Hear from the experts on some of the most common work issues facing businesses today

Consumer Champion Martin Newman and business leaders Joe Bush, CEO of The Chat Shop at The Light Box in Chiswick, and Flavilla Fongang, CEO of  3 Colours Rule at Parkhall in Dulwich, give their expert advice on two work issues. 

Q “Our business has little presence on Google, other than our address listing and website. We need customer reviews on external sites like Trustpilot, but few make an effort to write a review, apart from disgruntled customers! How can we encourage our happy customers to leave a review? It’s like we’re being held hostage by the web! Can we challenge these bad reviews?”

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Flavilla Fongang, CEO of 3 Colour Rules at Parkhall in Dulwich

A Flavilla: When it comes to getting customer reviews, there’s an effective approach that works well and will allow you to always get five-star customer feedback. It is known as the honeymoon phase. For the honeymoon phase to be effective, it’s important to define with your clients the relationship you want to build. At the beginning of a new client relationship, express your expectation and validate it with them. Let them know that if the product or service is delivered successfully, you will ask them for a five-star review. This is powerful customer psychology that is highly effective.

When the service/product is delivered successfully and the client is delighted, you are now in the honeymoon phase. This is when the agreement made with the client should be reminded and will be fulfilled without resistance. To summarise: set your expectation, agree with your client, deliver successfully and get your recommendation effortlessly. The same honeymoon phase can also be used to obtain more referrals from happy clients.

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Joe Bush, CEO of The Chat Shop at The Light Box in Chiswick

A Joe: Customers will review for two reasons: either they’re a bit unhappy with the service, or they have been delighted and feel you’ve gone over and above reasonable expectations. Map out your customer experience journey and identify where you’re letting customers down, as well as opportunities to improve. Frequent conversations with customers and prospects will create insights on what delights, so make it easy for them to get in touch, and they’ll reach out directly before posting a bad review. Once you’re happy you’re giving your customers an excellent experience, it’s easy to invite them all to write a review online.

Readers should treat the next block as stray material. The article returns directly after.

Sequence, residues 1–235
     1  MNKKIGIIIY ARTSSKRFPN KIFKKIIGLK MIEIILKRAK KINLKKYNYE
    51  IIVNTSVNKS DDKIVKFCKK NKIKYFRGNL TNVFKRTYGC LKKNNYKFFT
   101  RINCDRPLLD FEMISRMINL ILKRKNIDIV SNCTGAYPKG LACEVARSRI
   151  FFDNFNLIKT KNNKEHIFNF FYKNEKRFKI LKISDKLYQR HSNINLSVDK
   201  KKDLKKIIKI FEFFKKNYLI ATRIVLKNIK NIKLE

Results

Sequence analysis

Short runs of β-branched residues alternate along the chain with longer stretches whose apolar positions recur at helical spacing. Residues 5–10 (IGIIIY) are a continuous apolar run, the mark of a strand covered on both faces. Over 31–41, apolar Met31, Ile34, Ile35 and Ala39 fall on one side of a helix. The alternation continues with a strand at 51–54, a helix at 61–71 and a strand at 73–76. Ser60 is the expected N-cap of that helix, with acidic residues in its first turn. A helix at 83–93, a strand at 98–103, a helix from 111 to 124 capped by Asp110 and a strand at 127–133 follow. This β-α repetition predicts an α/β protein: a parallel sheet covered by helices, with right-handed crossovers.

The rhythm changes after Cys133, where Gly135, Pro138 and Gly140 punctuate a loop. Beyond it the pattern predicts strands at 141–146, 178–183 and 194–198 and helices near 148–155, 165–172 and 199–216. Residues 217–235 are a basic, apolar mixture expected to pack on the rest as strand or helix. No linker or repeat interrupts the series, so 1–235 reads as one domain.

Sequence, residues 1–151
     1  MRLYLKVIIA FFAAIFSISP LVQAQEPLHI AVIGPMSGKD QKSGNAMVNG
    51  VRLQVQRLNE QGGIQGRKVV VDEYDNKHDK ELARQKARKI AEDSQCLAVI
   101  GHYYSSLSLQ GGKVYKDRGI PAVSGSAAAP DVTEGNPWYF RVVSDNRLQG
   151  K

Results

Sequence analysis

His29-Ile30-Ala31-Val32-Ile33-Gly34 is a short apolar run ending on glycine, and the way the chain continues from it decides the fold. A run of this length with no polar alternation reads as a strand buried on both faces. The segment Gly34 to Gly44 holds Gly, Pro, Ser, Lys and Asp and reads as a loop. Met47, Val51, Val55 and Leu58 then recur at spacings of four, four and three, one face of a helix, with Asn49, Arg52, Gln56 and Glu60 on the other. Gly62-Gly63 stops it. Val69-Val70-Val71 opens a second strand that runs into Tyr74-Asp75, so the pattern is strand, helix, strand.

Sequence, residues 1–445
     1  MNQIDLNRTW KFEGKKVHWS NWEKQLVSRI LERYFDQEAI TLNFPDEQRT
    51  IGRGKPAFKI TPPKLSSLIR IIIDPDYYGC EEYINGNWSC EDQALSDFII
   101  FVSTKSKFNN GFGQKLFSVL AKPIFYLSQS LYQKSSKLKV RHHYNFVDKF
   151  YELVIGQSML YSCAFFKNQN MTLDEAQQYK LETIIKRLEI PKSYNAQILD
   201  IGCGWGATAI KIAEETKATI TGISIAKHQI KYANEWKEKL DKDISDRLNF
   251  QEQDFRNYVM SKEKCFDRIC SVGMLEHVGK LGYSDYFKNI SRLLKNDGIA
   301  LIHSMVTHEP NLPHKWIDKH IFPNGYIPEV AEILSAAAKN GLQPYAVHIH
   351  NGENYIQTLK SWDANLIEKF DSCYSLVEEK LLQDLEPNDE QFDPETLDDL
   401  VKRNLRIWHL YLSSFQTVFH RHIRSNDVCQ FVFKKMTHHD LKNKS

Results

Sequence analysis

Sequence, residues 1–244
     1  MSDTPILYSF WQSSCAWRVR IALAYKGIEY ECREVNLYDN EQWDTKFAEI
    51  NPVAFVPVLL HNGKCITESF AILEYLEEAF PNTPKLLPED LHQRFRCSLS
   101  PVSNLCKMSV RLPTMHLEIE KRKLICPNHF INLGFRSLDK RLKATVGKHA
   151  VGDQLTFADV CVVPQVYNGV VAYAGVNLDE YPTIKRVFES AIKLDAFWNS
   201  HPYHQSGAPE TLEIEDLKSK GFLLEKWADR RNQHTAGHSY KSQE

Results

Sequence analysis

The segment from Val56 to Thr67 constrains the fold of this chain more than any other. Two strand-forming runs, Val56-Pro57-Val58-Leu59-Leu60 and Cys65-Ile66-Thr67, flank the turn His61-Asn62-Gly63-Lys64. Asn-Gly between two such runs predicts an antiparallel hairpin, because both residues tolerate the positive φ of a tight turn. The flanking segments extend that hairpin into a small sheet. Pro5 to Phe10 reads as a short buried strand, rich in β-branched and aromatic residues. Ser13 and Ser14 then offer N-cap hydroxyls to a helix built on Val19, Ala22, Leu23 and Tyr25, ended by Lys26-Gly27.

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Martin Newman, Consumer Champion

A Martin: First, consumers are becoming cynical about the authenticity of ratings and reviews. There’s been a lot of coverage of late as to whether reviews are fake or not. Are they populated by customers or by the business? So take them with a pinch of salt.

That said, many consumers do still make purchase decisions based on a rating or review. You can ask for someone to leave you a review through an exit pop-up on the website. You can also encourage them to do so when you deliver their order to them. A note in the packaging or a follow-up email might encourage them. In terms of addressing negative reviews, the best policy is transparency and engagement. Contact the customer and see what you can do to resolve their issue.

Q “My business has developed a great strategy to elevate the customer experience (CX), but our marketing and design teams are at loggerheads! They have very different views on how we should execute our CX plan. How can I get them to work more closely and deliver our customers a great CX?”

A Flavilla: Agreeing to disagree can be brilliant, as it means your team feels free to voice their opinions – so thank them for that. Also, everyone should be reminded why they are doing it. The best way to settle disagreements when it comes to approach is to get a group of people outside of those two teams to give their feedback. Then simply vote and pick the most popular approach. When it comes to clients’ work delivery, we always offer multiple options and let the clients choose. Don’t see this as a negative – disagreement means people are passionate about what they do.

A Joe: It sounds like you need to involve the marketing and design teams in the strategic planning process. I’d schedule a workshop with the teams to work through the strategy and identify where there are differences of opinion, and take it as an opportunity to refine the approach further. At the end of it, you’ll have a better strategy and a more engaged, collaborative team.

A Martin: Measure and incentivise both teams on the same key performance indicators. If you focus on customer centricity, customer satisfaction and sales, and measure everyone against these factors, then you drive all teams to work collaboratively.

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